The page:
Arizona Detective Resigns Over Resident Status
Thursday, December 12, 2013
PHOENIX — A detective for Arizona's state police force has resigned following the discovery that she was living in the country illegally after being brought to the U.S. from Mexico by her family at a young age.
Carmen Figueroa apparently was told by her family that she was born in the U.S. though she was actually born in Sinaloa, Mexico, Arizona Department of Public Safety spokesman Bart Graves said Wednesday.
He said Figueroa's status was discovered when the State Department processed a passport application submitted by her brother, who is serving in the U.S. military.
Figueroa, 42, resigned Monday but would have been fired if she hadn't stepped down, according to Graves, who said a criminal investigation continues.
Arizona law requires sworn police officers to be U.S. citizens, and Graves said the state police agency would have terminated her for fraud and misrepresentation for "not meeting the qualifications."
Figueroa worked in southern Arizona and was with the department for 10 years, most of that time as a Tucson-based Highway Patrol officer. She became a criminal investigations detective in 2010.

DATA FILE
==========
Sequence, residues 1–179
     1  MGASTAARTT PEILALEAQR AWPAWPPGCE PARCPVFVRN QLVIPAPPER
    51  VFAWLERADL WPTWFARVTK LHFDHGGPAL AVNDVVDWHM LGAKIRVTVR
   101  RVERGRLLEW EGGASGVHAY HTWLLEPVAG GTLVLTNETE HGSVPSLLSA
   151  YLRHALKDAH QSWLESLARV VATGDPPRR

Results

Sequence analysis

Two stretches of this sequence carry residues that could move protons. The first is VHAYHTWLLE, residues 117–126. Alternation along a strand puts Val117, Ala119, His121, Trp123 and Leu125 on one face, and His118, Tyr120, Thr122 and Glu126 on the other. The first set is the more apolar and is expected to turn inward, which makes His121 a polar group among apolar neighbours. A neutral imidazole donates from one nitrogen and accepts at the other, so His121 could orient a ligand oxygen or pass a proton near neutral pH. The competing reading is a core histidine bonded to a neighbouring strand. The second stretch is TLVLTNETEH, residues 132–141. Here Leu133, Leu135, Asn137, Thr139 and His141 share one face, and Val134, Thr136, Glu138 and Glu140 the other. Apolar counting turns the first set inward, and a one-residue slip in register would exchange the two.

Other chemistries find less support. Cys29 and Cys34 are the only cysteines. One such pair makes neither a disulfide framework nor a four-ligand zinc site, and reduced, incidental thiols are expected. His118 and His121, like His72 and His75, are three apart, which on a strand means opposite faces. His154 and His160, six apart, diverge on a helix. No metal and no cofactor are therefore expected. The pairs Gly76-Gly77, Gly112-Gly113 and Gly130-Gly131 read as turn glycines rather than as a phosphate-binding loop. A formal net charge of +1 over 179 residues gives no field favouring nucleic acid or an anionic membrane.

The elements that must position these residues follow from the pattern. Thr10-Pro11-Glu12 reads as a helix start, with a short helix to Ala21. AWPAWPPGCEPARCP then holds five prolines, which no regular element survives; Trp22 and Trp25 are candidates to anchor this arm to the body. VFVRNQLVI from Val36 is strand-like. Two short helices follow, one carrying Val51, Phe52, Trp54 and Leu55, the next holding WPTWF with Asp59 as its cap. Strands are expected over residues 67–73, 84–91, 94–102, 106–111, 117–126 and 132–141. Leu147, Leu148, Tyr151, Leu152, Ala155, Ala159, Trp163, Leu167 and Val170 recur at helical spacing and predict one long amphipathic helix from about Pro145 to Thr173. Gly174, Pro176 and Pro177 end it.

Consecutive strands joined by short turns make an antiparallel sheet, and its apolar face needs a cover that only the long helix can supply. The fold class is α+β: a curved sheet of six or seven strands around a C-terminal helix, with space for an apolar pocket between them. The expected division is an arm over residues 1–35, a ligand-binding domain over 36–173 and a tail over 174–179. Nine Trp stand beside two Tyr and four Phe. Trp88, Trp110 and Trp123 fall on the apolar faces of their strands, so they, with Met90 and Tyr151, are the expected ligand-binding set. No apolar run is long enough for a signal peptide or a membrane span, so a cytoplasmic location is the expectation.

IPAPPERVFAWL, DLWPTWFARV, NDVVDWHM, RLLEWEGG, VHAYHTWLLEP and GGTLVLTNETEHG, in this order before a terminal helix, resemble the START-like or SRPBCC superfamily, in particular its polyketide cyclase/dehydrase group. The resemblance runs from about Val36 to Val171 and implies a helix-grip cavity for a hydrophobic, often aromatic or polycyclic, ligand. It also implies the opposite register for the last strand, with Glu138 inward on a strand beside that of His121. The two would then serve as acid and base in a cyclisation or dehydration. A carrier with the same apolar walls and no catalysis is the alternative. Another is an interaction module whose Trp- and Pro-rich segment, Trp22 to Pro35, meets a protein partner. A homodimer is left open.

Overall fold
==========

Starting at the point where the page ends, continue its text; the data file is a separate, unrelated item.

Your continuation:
"She told us she was always under the impression through her mother that she was born in this country, and she did not really find out until this summer ... that she was an illegal alien through, I believe, a confrontation with her mother," Graves told The Associated Press.
He said Figueroa "had an exemplary record" and the circumstances of her departure don't put any investigations or prosecutions at risk.
Calls to a Tucson-area phone listed under Figueroa's name were not answered Wednesday, and Graves said he did not know whether she has an attorney.
Graves said the DPS was informed of Figueroa's status on Aug. 22 and she was placed on administrative leave with pay Sept. 4.
"It was pretty clear as it went up the chain (of command) that she would be terminated," he said.
According to Graves, Figueroa previously worked for the federal Bureau of Prisons as a secretary and for the Pima County court system as a secretary and an officer.
When Figueroa was hired to the state police force, she submitted a birth certificate from Texas and a driver's license and high school diploma from California, Graves said.
There was nothing suspicious at the time about the documents, but Graves declined to discuss whether authorities now question the legitimacy of any of the papers.
However, he said the DPS was "absolutely having in-depth discussions right now to prevent this from happening again."
To view PDF documents, Download Acrobat Reader.